SUNY Oswego continued to respond to and prepare to meet the current and future needs of its increasingly culturally diverse students, faculty and staff. In 2015-16, SUNY Oswego engaged with its surrounding communities through research partnerships, community and service-learning programs, economic development, and a rich assortment of cultural, recreational and academic performances, events, and lectures.
Expanding our reach
SUNY Oswego strives to elevate and support productive external partnerships; collaborate on research projects and applied work with industry partners; and engage in mutually beneficial agreements and commitments that lead to educational, civic and business advancement.
World class anechoic chamber debuts
A $3.1 million, “next-generation” echo-free chamber debuted in SUNY Oswego’s Wilber Hall in 2015-16, formally crowning the college’s new capability for developing and testing wireless devices ranging from tiny blood pressure sensors to the antennas on a Humvee. The anechoic chamber—at 45 by 32 by 16 feet, the size of a small gymnasium—is actually a building within a building, albeit one studded inside with thousands of blue and gold cones made of carbon-impregnated foam. It rides on a concrete foundation separated from the rest of Wilber Hall with a two-inch gap, one of many features that keep vibrations and electromagnetic and sound waves out in order to provide a pure environment for measuring wireless signals.
Advanced Wireless Systems Research Center
The chamber and the rest of the college’s Advanced Wireless Systems Research Center took wing thanks to a SUNY High Needs Grant and a collaborative SUNY 2020 grant on which SUNY Upstate Medical University, SUNY College of Environmental Science and Forestry and Onondaga Community College partnered. The research facilities are rich with promise for other partnerships of many kinds, as expressions of interest in Oswego’s capabilities range from as far away as China and as near as companies in our own region. The wireless center—a companion lab is in SUNY Oswego’s Richard S. Shineman Center for Science, Engineering and Innovation—also provides academic opportunity aplenty.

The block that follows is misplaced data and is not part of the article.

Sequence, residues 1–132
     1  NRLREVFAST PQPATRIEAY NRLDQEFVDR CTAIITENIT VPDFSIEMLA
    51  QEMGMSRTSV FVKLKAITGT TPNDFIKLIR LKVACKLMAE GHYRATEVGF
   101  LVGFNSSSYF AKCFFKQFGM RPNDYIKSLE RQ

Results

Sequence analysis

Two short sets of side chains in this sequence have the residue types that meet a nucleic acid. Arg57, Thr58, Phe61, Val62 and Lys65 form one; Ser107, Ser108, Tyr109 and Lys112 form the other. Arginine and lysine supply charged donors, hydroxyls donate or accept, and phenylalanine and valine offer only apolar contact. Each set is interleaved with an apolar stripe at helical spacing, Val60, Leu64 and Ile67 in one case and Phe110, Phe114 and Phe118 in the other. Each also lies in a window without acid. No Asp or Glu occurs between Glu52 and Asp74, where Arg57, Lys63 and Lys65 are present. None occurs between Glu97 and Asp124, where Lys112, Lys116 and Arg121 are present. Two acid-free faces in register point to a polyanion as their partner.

In the summer of 2015, SUNY Oswego’s Advanced Wireless Systems Research Center won a two-year, $100,000 research grant from a Western New York antenna manufacturer to co-develop high-efficiency compact antennas for railway transportation systems and, potentially, other applications. Under terms of the grant, Oswego’s wireless center will be responsible for design, simulation, measurement and preliminary prototyping of miniaturized, omnidirectional antennas for STI-CO Industries of Orchard Park.
Arts, athletics & recreation
SUNY Oswego continued in 2015-16 to integrate and embed arts and entertainment, athletics and recreation offerings in its campus programming. Committed to being a good neighbor, the college has made most of its programs and events open to the community.
Wintertime fun takes on a wide variety of entertaining, recreational and educational forms as SUNY Oswego continued its annual tradition of inviting the greater Oswego County community to a series of family-friendly activities and events in late December and the first three weeks of January. The program also serves the community during the public Pre K-12 schools' Thanksgiving, winter and spring breaks.
SUNY Oswego once again hosted and co-sponsored (with Pathfinder Bank) the GENIUS Olympiad – a global high school competition for environmental innovation and advocacy.
Youth Conservatory for choral training